The Officers' Wives
When Ernest Hemingway, in A Farewell to Arms (1929), had Frederic Henry state “I was always embarrassed by the words sacred, glorious, sacrifice and the expression in vain,” most writers and readers felt that a new era had come for the novel of men at war. Hemingway’s chief literary rival at the time, Erich Remarque and his book All Quiet on the Western Front (1929), was making the same point. For later generations, there have been books such as Norman Mailer’s The Naked and the Dead (1948), Joseph Heller’s Catch-22 (1961), and Thomas Pynchon’s Gravity’s Rainbow (1973), each more insistently reinforcing the empty rhetoric of war-makers and the absurd pointlessness of the bitter sacrifices involved. Thomas Fleming, a man of great knowledge of military history and no novice at novel-writing, seems, in general, to have ignored his literary forebears in writing The Officers’ Wives in 1981. So do most of his characters, for of the major ones, especially throughout the debacles of Korea and Vietnam, only two ever question the relevance of those “abstract nouns,” and of them, only one questions the way the Army is applying them, not their existence as a true ideal for every officer and soldier to realize in his vocation. The wives’ function is primarily to help them achieve these goals, as well as to improve their husbands’ chances for promotion.
If Fleming’s attitude toward heroism and other traditional military values undermines the credibility of his novel, an equally serious problem is structural: in spite of Fleming’s grasp of history and the military, and his mastery in interweaving intricate plot lines, the counter-theme of the male-female “war” threatens to dominate the novel, pushing it toward soap opera.
No one who has been even briefly connected with the military will doubt the author’s expertise after his brief descriptions of American bases such as Ft. Ripley, Ft. Staunton, and Ft. Leavenworth. Only the name, the size, the climate, and the terrain change, not the separation of ranks: the rows of barracks; the married enlisted men’s quarters crowded with minority groups; the almost all-white population of the officers quarters, very small, almost lacking in privacy, overflowing with young children in the junior officers section; the separate senior officers quarters, growing in size and elegance appropriate to rank—all orderly and clean, at least on the outside. Fleming describes the Officers Club, the dances and parties where the men gravitate to one end of the room for “army talk” while the wives are left together to chat about “women’s things”; the Officers’ Wives Club and its endless committees, coffees (sherry is served), luncheons (cocktails are served), the bridge lunches or afternoons, the “official” officers’ wives book; the endless lines at the base hospital, the competent doctors who soon become bored dealing primarily with pregnancies, deliveries, and childhood diseases; the overflowing commissary on pay day.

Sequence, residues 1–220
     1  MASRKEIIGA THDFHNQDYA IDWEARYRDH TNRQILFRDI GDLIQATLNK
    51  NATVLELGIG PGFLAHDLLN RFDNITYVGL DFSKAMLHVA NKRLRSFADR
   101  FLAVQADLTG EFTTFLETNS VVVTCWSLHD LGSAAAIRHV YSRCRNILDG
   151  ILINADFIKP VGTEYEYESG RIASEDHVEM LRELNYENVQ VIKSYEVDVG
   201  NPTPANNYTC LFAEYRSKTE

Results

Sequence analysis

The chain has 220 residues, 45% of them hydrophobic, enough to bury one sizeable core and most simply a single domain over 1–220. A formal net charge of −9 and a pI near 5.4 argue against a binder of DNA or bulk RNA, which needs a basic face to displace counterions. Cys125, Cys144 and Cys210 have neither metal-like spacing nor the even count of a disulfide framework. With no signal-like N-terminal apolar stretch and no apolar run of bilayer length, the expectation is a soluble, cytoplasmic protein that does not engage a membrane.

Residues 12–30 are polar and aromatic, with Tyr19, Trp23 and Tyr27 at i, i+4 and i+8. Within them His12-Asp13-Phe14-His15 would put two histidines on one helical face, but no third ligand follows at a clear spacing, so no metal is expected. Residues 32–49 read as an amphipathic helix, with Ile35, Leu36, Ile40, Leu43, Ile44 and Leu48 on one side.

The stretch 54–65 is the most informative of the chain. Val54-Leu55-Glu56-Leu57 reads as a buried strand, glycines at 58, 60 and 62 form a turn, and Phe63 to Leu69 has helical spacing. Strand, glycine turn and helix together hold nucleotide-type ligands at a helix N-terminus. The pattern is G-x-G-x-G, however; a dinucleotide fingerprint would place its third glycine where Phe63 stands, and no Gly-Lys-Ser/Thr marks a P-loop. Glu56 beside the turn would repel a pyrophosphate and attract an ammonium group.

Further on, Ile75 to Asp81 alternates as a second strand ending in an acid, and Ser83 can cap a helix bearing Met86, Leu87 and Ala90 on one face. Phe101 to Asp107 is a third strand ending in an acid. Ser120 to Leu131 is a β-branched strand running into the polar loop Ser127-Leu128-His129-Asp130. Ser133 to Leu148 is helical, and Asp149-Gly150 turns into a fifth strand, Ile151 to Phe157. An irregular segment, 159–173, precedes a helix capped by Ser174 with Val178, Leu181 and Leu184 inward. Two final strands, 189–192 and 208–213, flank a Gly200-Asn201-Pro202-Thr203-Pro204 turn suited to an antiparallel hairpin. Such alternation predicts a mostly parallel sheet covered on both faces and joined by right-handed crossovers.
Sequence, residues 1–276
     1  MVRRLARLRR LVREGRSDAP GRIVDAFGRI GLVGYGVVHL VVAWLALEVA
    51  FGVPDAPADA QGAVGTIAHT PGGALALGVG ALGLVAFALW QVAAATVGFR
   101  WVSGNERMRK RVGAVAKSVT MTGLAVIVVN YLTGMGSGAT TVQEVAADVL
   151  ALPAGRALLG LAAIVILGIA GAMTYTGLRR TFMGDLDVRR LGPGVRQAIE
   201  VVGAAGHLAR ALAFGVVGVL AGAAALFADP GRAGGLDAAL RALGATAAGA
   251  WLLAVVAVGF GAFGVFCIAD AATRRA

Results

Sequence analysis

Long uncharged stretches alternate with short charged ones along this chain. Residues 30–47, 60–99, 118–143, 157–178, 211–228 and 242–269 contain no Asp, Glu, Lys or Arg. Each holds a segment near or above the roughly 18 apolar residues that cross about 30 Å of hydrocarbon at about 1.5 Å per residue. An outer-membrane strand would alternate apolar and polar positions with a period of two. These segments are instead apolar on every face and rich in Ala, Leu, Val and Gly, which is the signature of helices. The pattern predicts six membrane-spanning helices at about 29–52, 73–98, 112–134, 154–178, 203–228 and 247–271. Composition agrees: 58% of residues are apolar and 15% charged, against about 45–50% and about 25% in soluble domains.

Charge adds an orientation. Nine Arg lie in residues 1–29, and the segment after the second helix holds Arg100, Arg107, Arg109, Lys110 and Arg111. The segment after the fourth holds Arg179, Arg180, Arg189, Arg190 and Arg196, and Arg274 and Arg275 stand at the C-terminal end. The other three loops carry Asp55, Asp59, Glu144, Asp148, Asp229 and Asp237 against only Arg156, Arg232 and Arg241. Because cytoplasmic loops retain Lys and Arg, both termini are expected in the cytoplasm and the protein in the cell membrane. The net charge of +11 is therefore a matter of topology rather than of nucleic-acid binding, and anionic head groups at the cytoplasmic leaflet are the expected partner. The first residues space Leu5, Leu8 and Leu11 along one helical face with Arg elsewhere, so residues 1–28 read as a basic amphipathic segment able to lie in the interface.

Fleming is convincing in his evocation of the life-style and physical presence of Mautbrunnen, and Donaulinger, Germany; of Ankara, Turkey; of Yokoshima, Japan; the Hawaiian beaches and Schofield; and Bangkok, Thailand—all have an authentic ring. Occasionally, the settings become symbolic of interior states of mind: the city of Boston as opposed to Ft. Staunton as Joanna has her first anxiety attack; the omnipresent ice coating all of Ft. Leavenworth while Joanna’s marriage and her attachment to the Army “team” freeze over. The darkness, chaos, and evil of the night in Korea when Honor is raped (a bit of heavy-handed symbolism, especially since it almost happens again when Adam is in Vietnam) become rapidly symbolic of the chaotic evil of the entire Korean situation.
The historical background which surrounds and gives meaning to these locales reminds the reader of the dangerous potential for crises beginning in small, distant nations to become full-fledged wars, as physically and morally debilitating as Vietnam. The atomic bombs of today, the military tactic of overwhelming force seems no longer viable in such situations, as Fleming has Adam Thayer conclude in his fictional doctoral dissertation, an idea fought about in the Pentagon, but...
(The entire section is 1766 words.)